Carmelo Anthony Starting To Play Like an MVP Candidate

DeAnte MitchellCorrespondent IMarch 17, 2010

LOS ANGELES, CA - FEBRUARY 28:  Kobe Bryant #24 of the Los Angeles Lakers is defended by Carmelo Anthony #15 of the Denver Nuggets during the second half at Staples Center on February 28, 2010 in Los Angeles, California. The Lakers defeated the Nuggets 95-89.  NOTE TO USER: User expressly acknowledges and agrees that, by downloading and/or using this Photograph, user is consenting to the terms and conditions of the Getty Images License Agreement.  (Photo by Jeff Gross/Getty Images)
Jeff Gross/Getty Images

Carmelo Anthony and the Denver Nuggets are currently second in the West, only behind defending champion Lakers.

After witnessing the Mavericks make a run and everybody clearly acknowledging that the Mavericks are favored to win the West, the Nuggets followed-up with a six-game win streak, highlighted by their sixth straight, 100-point performance.

In each of those games, Carmelo Anthony played spectacularly for the Nuggets.

In fact, in the last eight games, the Nuggets have a record of 7-1. Anthony has the Nuggets soaring high and in contention to take the top spot from the Lakers. Over that stretch Anthony has accumulated 30.3 points, 7.7 rebounds, and 3.6 assists—all above his season averages.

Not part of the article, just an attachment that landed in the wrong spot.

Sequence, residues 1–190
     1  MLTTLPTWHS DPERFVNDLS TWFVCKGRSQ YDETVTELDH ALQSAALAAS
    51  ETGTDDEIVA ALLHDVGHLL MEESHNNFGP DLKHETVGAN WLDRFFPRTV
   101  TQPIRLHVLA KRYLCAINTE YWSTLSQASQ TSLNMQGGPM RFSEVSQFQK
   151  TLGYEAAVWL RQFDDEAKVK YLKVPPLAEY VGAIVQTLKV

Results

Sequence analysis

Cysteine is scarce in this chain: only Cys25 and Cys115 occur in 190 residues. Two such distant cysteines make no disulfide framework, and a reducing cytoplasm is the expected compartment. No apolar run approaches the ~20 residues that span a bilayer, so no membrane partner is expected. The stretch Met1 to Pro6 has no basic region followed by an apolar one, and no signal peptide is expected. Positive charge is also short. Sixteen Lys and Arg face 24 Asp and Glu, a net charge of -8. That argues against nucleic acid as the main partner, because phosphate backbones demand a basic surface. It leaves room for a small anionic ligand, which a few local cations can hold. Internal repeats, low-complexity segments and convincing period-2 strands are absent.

Carmelo has done it all season by adding a different dimension to this Nugget offense.

First he likes to create space. Creating space enables him to see his attack before it develops. More often than not, he is looking to put the ball on the floor and work into the defense. This explains his rise in free-throw attempts—Anthony is averaging just fewer than 10 attempts a game.

Secondly, he loves to shoot the basketball. His comfort spot is usually on the right side of the court—just inside the three-point arc. But do not forget, he has the shooting ability to light it up from anywhere.

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Lastly, his defense has picked up. Just four games ago, Anthony finished with five steals against Minnesota, showing you he has asserted himself on the defensive side of the ball more, as he has done on the offensive side of the ball.

Being over-shadowed by LeBron James and Kobe Bryant, the thought of an MVP season is more improbable than not.

However, the belief of an MVP season is not out of sight.

After witnessing two frontier players in Birdman and Martin drop to injuries, Anthony has taken over the load on the defensive glass, acquiring three double-doubles with points and rebounds.

This shows his importance to the team, because when frontier players are absent, you can rely on Carmelo to pick up their slack. And over these past games, this is exactly what he has done.

That is not enough to put him as the front-runner for MVP. To overwhelm the voters that are heavily favoring James, Wade, and Bryant, Anthony needs to continue his dominance over the season. In my books, the MVP race goes like this: James, Bryant, and then Carmelo.

My reasoning is simple: This season, Carmelo has only eight double-doubles and has yet to grasp a triple-double. This pushes his MVP stock down, but it’s nothing he cannot overcome down the stretch.

With the Nuggets four games behind the Lakers, Anthony will definitely have his opportunities to amaze voters—so it’s certainly an attainable affair.

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